To get a job in the EOP, there are basically three kinds of graduate school paths: 1) law school; 2) a top public policy (or similar) master’s program; 3) a PhD in a field in which the EOP needs people with subject-matter expertise (economics, certain scientific fields, etc.). If you want to go to law school, there is no marginal advantage to working in an elite management consulting or financial services job post-college relative to (more) attainable options in public service (to pick an arbitrary example, this), and there may be disadvantages (e.g., less time to study for the LSAT). If you want to get an MPP/MPA from Harvard, Princeton, etc., there is no marginal advantage to working in an elite management consulting or financial services job post-college relative to… basically any job in government — working on the Hill for a few years or for the municipal government of any major city would make an applicant more appealing to those programs. And if you want to get a PhD in nearly any field, working in academic research for 1-3 years will be wayyy more advantageous when you’re applying than spending two years at Bain or Goldman would be. In many fields, if you’re the sort who could get a job at Bain or Goldman, you could also get an RA job working for a world-renowned scholar, and that goes a very, very long way in PhD admissions.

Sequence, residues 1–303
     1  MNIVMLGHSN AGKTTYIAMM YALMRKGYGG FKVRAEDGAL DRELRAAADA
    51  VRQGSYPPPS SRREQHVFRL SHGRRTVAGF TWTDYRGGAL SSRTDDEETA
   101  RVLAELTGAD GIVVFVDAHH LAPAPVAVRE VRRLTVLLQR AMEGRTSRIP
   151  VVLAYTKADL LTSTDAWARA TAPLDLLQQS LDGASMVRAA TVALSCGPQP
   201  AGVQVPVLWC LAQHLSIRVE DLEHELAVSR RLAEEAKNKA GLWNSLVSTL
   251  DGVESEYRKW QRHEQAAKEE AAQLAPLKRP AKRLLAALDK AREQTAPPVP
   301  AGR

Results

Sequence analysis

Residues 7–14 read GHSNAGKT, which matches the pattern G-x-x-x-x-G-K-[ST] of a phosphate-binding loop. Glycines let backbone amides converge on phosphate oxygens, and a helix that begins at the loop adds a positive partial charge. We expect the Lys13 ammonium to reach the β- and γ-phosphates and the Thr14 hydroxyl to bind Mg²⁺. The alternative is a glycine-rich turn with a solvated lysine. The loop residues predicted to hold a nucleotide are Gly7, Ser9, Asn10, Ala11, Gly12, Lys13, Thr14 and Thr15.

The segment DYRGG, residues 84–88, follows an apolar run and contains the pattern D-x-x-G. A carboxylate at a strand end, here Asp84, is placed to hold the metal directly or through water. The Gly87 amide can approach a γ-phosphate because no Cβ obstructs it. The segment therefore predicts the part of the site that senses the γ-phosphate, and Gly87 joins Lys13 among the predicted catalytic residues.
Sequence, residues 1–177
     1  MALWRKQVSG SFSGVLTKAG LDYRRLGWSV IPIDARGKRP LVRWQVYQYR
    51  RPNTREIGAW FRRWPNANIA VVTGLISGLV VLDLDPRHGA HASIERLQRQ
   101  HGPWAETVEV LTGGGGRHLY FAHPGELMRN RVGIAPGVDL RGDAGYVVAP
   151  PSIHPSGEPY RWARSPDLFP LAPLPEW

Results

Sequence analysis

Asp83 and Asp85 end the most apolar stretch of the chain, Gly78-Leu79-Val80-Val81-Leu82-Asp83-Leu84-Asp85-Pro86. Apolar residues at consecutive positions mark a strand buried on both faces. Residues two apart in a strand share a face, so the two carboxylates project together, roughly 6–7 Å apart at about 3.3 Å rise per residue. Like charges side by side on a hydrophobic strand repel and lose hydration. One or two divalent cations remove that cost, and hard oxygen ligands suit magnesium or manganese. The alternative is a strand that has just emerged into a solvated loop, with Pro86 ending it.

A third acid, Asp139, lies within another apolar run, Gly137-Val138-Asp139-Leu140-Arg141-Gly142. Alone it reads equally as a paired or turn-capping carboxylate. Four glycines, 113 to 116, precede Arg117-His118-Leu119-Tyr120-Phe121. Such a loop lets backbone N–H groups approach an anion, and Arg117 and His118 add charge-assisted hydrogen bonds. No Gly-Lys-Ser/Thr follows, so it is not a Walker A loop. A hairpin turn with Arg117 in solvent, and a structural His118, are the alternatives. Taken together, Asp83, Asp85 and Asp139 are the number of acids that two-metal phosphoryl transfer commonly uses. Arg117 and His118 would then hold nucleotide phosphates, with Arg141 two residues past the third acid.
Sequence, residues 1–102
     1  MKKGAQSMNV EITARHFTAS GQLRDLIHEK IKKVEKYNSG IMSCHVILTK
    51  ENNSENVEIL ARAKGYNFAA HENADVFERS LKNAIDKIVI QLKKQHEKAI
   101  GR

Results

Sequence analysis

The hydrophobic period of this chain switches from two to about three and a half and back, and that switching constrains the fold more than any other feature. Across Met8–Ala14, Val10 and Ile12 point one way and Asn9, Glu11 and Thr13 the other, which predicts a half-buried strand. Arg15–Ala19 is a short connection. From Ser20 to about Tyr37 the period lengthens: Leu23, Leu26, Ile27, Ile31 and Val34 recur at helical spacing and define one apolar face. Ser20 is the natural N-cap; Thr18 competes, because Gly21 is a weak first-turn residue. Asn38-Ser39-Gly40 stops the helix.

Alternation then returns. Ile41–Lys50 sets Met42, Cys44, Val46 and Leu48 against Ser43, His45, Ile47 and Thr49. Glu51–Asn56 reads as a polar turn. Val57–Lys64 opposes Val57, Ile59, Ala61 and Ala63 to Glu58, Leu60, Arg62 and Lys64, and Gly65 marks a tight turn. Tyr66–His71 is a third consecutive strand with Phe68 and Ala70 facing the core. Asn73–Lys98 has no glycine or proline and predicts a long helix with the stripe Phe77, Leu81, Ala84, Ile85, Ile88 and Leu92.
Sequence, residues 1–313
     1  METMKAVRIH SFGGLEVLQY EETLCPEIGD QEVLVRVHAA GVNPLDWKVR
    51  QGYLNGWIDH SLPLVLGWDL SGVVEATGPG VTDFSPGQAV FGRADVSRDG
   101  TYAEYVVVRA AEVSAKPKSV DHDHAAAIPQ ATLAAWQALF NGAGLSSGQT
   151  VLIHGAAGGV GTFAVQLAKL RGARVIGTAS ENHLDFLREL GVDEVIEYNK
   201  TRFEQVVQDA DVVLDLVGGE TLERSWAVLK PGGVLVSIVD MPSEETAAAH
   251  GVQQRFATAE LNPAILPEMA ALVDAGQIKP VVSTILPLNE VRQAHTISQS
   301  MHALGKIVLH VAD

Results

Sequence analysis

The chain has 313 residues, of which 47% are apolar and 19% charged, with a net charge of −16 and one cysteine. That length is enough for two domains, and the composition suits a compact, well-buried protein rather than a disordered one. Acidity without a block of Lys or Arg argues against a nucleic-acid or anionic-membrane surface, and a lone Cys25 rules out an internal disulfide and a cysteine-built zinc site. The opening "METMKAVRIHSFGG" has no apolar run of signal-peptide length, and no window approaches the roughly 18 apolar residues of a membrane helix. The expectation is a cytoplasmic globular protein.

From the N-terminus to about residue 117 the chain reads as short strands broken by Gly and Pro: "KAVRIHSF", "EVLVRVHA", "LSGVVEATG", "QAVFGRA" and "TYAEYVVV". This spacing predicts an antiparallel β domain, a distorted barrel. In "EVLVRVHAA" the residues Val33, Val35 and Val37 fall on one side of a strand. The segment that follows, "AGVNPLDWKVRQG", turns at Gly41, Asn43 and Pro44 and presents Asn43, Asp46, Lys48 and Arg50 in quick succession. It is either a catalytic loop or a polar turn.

The rejoinder here, I imagine, is: “What if you don’t have any idea at all what you want to do? At the very least, an MBB consulting job won’t close any doors.” I definitely believed this argument when I was a senior in college, but in the years since I graduated, I’ve come to think that the high option value provided by elite analyst positions in finance and consulting is, to a large extent, limited to private sector roles and is thus of considerably lesser value to people aiming to have careers in the public interest. My sense is that hiring managers (outside of finance/consulting, and especially in public service) are almost never looking mainly for generalists who can legibly signal high intelligence. For the vast majority of positions, the marginal benefit of additional points on the SAT, or whatever, pales in comparison to the marginal benefit of relevant domain experience and motivation/commitment to the work of this position. As a result, a lot of government jobs strongly prefer people with a demonstrated history of working in public service. The thought is that committing to a career in public service is a costly signal, and people who are willing to pay the cost to send it are more likely to be motivated and less likely to jump ship to climb a professional ladder. On top of that, the competition for some of these positions is so steep that they don’t even have to compromise on other desirable attributes to get people who can demonstrate that commitment; they can just use it as a tie-breaker to distinguish otherwise identically qualified candidates at the top of their pool. So, more generally, I now think that to underspecialize is to lose options and good ones, too, as most really cool jobs require some degree of specialization.